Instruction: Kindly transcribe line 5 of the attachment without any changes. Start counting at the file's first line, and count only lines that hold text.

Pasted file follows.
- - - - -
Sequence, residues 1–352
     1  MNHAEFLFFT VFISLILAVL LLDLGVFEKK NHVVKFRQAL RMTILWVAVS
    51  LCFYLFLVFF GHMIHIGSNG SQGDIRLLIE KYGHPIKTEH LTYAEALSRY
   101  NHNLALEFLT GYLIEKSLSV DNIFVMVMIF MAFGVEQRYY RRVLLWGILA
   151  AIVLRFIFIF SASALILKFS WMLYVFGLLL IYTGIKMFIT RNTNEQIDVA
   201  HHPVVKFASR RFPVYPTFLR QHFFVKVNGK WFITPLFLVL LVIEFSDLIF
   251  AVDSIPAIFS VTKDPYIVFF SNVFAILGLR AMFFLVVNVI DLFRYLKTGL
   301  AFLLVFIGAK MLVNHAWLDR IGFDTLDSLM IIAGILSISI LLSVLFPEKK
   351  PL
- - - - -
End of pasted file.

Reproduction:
   151  AIVLRFIFIF SASALILKFS WMLYVFGLLL IYTGIKMFIT RNTNEQIDVA